Ni is a more abstract type of worldview, right? It's built around inferences, whereas Si is a detailed model of actual experience. We're sort of more backward-looking in our personal lives than Ni types, who look forward towards their vision. Not that we don't have dreams about how the future should be, but we don't believe in their realisation as much, unless backed by hard data.

Is any of this right? I'm not getting it out well, sorry.
I definitely see Ni as having some sort of far off ideal in sight, some search for how the current circumstance/situation fits into their idea of the future/path. Heavy symbolism takes place in Ni, instead of storage of empirical observations, abstract relationships are made with deeper meaning.

This apple was rotten, why was it rotten, does it mean something? That tornado came within a certain range of our house then suddenly changed direction, was that divine intervention? Why has it rained 3 days in a row, does it mean something?

Si is much more traditional - I have seen 15 rotten apples in the past 5 days! I remember when I picked apples with my dad 15 years ago. These apples are similar to some others that ended up making excellent pie. I remember how the earth shaked and the thunderous sounds the tornado made.

At least those are my observations.
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Old 3rd-March-2010, 12:48 AM   cheese's time 3rd-March-2010, 10:49 AM    #16
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Default Re: introverted sensing.

Yes, that makes sense.

Another thought:
Would Ni be more interested in psychology than Si? I find it seems to have a lot of unsubstantiated theories (although I am really quite uneducated about it) and while interesting, I get impatient with it. Neuroscience on the other hand seems like the path of real insight into the mind. *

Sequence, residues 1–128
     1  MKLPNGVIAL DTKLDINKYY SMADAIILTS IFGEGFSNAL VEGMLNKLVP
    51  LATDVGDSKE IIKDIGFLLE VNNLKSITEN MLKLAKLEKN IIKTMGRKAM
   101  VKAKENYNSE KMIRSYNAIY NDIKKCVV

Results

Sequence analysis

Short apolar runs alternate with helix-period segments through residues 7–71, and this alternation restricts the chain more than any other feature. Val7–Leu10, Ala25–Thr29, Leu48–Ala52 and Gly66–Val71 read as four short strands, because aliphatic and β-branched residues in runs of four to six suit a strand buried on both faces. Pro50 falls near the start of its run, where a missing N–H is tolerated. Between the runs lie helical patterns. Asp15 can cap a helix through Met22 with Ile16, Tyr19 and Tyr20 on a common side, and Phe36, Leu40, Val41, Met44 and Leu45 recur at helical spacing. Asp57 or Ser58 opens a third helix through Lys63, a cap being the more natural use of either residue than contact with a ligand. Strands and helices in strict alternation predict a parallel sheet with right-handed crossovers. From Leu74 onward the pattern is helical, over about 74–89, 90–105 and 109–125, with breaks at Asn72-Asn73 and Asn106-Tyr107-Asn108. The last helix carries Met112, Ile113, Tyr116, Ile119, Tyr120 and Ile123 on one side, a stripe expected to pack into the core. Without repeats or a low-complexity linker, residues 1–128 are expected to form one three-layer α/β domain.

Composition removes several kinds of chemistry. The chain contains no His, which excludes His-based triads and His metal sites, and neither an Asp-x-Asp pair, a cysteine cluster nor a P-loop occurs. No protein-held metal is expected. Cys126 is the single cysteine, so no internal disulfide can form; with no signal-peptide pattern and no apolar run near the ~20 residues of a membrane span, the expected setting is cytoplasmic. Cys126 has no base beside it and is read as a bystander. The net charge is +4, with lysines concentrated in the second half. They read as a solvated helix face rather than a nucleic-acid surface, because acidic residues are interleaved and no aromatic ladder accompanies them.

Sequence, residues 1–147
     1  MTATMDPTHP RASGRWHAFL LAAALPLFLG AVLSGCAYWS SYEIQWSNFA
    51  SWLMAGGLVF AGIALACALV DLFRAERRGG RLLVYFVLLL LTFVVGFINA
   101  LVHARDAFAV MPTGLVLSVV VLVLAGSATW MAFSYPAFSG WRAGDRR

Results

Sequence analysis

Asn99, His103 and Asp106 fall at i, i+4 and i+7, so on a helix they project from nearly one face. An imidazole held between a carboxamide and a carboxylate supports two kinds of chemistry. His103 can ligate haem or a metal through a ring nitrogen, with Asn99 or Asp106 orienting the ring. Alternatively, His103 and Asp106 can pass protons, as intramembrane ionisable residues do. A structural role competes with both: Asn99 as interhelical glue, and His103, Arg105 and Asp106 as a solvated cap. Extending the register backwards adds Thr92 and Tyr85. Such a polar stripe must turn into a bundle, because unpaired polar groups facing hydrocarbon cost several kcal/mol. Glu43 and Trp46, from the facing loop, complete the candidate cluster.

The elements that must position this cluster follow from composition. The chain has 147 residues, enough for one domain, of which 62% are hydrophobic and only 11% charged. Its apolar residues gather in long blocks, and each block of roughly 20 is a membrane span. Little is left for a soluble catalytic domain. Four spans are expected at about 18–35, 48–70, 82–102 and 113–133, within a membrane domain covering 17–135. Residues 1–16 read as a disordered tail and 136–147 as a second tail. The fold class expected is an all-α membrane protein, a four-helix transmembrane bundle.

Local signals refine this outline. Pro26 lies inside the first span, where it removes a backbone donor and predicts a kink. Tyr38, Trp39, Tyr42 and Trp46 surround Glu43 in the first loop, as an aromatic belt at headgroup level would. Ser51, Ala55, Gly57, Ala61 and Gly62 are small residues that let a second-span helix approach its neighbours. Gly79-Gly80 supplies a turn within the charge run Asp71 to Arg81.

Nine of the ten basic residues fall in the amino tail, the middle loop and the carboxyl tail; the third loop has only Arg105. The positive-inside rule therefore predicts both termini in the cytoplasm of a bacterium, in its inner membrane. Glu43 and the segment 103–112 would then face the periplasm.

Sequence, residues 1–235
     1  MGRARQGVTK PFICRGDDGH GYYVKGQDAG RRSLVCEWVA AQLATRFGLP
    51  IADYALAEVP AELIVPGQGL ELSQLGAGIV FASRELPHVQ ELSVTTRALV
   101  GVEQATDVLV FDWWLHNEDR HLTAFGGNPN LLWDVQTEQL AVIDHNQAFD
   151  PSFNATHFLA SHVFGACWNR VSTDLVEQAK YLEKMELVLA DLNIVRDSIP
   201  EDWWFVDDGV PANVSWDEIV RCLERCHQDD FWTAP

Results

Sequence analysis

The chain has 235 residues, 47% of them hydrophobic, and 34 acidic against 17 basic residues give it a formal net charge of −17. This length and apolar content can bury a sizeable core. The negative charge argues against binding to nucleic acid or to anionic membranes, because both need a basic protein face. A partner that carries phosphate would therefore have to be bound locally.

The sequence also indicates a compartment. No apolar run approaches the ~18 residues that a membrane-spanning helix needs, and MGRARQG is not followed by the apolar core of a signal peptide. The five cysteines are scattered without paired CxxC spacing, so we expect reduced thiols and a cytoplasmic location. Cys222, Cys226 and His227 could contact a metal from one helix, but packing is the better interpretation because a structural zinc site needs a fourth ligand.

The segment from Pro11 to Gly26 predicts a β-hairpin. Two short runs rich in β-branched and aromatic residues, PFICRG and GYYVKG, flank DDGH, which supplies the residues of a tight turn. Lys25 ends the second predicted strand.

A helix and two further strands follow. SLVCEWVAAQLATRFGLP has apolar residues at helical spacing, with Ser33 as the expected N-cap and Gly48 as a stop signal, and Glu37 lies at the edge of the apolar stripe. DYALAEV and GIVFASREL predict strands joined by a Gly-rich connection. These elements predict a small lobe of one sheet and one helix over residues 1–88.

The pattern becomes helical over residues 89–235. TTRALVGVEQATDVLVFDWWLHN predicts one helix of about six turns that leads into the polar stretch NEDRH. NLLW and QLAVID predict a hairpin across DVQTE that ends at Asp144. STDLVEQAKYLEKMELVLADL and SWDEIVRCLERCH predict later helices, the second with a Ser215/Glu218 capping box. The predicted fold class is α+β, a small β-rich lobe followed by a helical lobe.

It's also interesting that I'm trying to tie everything to concrete examples. Although perhaps this just means I'm an idiot.

*The point being perhaps I think this way because of Si.

*edit
More fatalistic. Less belief in our ability to change things. Greater sense of powerlessness. These things I'd associate with Si types more, especially those who have it as a lower function (it would strike in low/defenceless times, rather than keep us permanently grounded in reality as it would with higher-position Si). Perhaps. I'm not sure, but I'm curious. Help please.
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Old 3rd-March-2010, 08:56 PM   Adymus's time 3rd-March-2010, 12:56 PM    #17
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Default Re: introverted sensing.

Cheese: Yes! Ni and Si are both based in time, Ni is forward perceiving, speculating how things will unfold in the future. And Si is based in the past, checking how things used to be.

Although, there is a crucial detail that I completely forgot to mention, about having Tertiary Si. We are not tied to our Si like the Si doms are. For example, the INFJ holds the ideal future society in their Ni, and they try to shape the present to match their vision of the future.
That means when things change, and our current model of Si is rendered obsolete, we can completely rebuild it with the new facts that have just emerge. This is something Si dominants have far more difficulty doing, because their identity is in their past.
However, since our Ne is inspired by Ni, we are not completely bogged down by the past, and we will be excited by the possibilities of the future seen by Ni vision, especially if our Ti and our Si validate the possibility of it occurring.

And yeah, that is exactly why I am not an Ni dominant. But most people are noobs, and only see the directive behavior that Si yields, and automagically think "he's a J!!!" But I wouldn't be surprised if people think my Si is actually Ni, because a.) The knowledge I have on typology is not known by anyone else who is not also working on the the model that I am using, so it seems very original and forward thinking. Which it is, just not in an Ni sort of way.